The kids also get shoulder straps and a chest buckle, like a car seat, to keep them from falling out. The buckles are easy to use, but loading the child into the seat can be challenging the first few times, since there is only a single wheel; it does help to have a wall to balance the bike’s handlebars against. It improves with practice but it is not the Weehoo’s strongpoint. There is an optional kickstand accessory, and we are a little undecided on its effectiveness. The stand will not support the child and bike when loaded so it is more for loading other items into the storage panniers or for simply keeping the empty bike and trailer upright for a pause.
Regarding the panniers, we find them adequate for all but overnight rides. If you were going to bring a tent etc., then there is a Venture model which includes more rack space and bigger bags. For the time being though, there is plenty of space for extra layers, a picnic… there is even a neat water bottle holder next to the kids’ handlebar so they can hydrate on the fly.
One thing kids might experience back there is a little dust or a few mud spatters, depending on the state of your trails/roads. I would say that a pair of sunglasses is mandatory for them; given how stoney some of our trails are, I am going to make goggles part of the dress code. There is a small mud guard included, situated on the main tube ahead of the passenger, and this could be easily upgraded for better protection. Of course, it depends how fast you ride and on what kind of trails. Which brings us on to…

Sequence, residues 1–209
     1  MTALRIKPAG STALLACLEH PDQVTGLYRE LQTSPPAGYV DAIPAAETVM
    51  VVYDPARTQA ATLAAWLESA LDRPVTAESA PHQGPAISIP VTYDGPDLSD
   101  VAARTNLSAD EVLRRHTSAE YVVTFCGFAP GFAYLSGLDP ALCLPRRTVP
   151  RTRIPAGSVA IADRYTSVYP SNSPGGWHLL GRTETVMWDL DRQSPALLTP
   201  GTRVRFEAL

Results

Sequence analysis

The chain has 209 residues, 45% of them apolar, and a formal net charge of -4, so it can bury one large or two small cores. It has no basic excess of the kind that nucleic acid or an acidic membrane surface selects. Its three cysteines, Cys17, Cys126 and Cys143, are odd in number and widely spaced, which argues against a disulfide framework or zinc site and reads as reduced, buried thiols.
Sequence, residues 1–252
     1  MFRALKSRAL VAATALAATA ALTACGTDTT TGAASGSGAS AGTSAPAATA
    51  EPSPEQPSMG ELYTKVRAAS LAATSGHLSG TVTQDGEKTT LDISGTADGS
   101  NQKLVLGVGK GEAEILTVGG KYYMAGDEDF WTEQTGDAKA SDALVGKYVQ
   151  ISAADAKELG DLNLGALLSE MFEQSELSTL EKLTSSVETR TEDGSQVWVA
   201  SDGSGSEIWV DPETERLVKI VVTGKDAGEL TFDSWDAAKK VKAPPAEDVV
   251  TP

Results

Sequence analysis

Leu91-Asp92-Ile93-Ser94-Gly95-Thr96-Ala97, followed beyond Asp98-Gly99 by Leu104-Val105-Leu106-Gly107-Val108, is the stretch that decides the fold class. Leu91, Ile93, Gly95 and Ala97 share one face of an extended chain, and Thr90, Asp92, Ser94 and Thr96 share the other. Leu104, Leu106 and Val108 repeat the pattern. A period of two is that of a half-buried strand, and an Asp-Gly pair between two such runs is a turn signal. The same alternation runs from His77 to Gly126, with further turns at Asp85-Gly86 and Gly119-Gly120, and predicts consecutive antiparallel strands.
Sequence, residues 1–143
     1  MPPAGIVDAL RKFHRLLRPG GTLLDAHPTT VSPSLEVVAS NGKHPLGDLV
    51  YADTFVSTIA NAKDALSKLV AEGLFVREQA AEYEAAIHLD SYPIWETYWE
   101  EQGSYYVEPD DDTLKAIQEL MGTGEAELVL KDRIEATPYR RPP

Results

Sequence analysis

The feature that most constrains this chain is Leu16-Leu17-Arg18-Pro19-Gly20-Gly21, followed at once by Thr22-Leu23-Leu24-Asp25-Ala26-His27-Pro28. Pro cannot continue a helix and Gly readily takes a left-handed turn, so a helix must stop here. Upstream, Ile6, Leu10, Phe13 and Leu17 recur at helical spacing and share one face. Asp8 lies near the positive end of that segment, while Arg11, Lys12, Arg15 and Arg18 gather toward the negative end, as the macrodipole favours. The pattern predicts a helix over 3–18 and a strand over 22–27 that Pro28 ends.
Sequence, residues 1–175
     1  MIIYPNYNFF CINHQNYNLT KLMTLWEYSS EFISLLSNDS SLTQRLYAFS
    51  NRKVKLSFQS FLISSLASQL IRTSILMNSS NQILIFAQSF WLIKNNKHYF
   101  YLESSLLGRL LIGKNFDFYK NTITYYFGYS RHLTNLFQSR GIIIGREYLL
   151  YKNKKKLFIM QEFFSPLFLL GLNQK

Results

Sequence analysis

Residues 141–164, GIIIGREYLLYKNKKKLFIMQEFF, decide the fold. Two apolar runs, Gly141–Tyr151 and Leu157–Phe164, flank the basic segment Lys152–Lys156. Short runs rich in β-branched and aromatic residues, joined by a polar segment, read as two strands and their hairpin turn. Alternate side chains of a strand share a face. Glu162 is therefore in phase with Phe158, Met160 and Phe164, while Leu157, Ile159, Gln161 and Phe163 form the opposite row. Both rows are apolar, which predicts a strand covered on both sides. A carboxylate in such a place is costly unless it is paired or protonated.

WHERE CAN YOU TAKE THE WEEHOO?
I have already described how their width allows for access to single track, and this naturally means we are talking off-road. I think all riders will be surprise by quite how ‘normal’ their bike feels while towing, and also how well the Weehoo single wheel tracks over small roots and stones. I found just having an ongoing conversation with my five-year-old as the speed and track got more intense was a good way of judging how it was for him. I was surprised where we went in the end! The next upgrade might be an extra cushion for his seat. The current foam is good but for very bumpy trails, a thin extra layer could help.
Truth be told, we use the Weehoo behind an e-bike, so we aren’t the best to comment on the weight and the strain on the legs on hills when pulling behind a standard bike. But, being that there is some pedal assist from your passenger, and the weight is a respectable 12kg, we can imagine that if you live somewhere relatively flat, versus the Alps, then it is not different to any other trailer on the market and there is no need for motor assist.
Suitable for ages 2-9.
RRP: £399. The Venture model is £429.
Verdict: Wooded single tracks, on your holidays or simply for the school run – it’s the perfect way to share your love of biking with your kids. Our boys are fighting over whose turn it is to ride in it to extent that I think we shall purchase a second one!